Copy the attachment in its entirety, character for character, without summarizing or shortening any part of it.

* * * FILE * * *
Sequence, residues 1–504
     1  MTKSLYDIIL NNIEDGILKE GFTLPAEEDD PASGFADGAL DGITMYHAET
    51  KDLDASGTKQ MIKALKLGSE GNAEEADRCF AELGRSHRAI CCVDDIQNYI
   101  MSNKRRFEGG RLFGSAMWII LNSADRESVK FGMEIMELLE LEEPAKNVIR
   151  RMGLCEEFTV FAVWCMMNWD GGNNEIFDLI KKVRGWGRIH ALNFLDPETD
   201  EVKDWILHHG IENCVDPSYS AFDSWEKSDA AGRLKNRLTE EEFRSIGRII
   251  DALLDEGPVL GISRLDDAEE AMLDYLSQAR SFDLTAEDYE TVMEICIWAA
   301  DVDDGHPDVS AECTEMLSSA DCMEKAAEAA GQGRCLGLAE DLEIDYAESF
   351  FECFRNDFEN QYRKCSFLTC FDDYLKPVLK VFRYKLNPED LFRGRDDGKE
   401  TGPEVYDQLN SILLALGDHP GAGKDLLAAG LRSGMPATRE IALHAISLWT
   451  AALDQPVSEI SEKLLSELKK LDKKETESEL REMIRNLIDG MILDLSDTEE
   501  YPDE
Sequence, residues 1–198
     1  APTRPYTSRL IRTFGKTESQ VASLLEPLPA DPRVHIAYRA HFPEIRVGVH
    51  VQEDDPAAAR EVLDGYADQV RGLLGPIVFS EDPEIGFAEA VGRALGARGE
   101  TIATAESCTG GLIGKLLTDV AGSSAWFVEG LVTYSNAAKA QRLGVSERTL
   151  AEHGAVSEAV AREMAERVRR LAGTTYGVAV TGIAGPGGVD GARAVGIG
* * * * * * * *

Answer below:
Sequence, residues 1–504
     1  MTKSLYDIIL NNIEDGILKE GFTLPAEEDD PASGFADGAL DGITMYHAET
    51  KDLDASGTKQ MIKALKLGSE GNAEEADRCF AELGRSHRAI CCVDDIQNYI
   101  MSNKRRFEGG RLFGSAMWII LNSADRESVK FGMEIMELLE LEEPAKNVIR
   151  RMGLCEEFTV FAVWCMMNWD GGNNEIFDLI KKVRGWGRIH ALNFLDPETD
   201  EVKDWILHHG IENCVDPSYS AFDSWEKSDA AGRLKNRLTE EEFRSIGRII
   251  DALLDEGPVL GISRLDDAEE AMLDYLSQAR SFDLTAEDYE TVMEICIWAA
   301  DVDDGHPDVS AECTEMLSSA DCMEKAAEAA GQGRCLGLAE DLEIDYAESF
   351  FECFRNDFEN QYRKCSFLTC FDDYLKPVLK VFRYKLNPED LFRGRDDGKE
   401  TGPEVYDQLN SILLALGDHP GAGKDLLAAG LRSGMPATRE IALHAISLWT
   451  AALDQPVSEI SEKLLSELKK LDKKETESEL REMIRNLIDG MILDLSDTEE
   501  YPDE
Sequence, residues 1–198
     1  APTRPYTSRL IRTFGKTESQ VASLLEPLPA DPRVHIAYRA HFPEIRVGVH
    51  VQEDDPAAAR EVLDGYADQV RGLLGPIVFS EDPEIGFAEA VGRALGARGE
   101  TIATAESCTG GLIGKLLTDV AGSSAWFVEG LVTYSNAAKA QRLGVSERTL
   151  AEHGAVSEAV AREMAERVRR LAGTTYGVAV TGIAGPGGVD GARAVGIG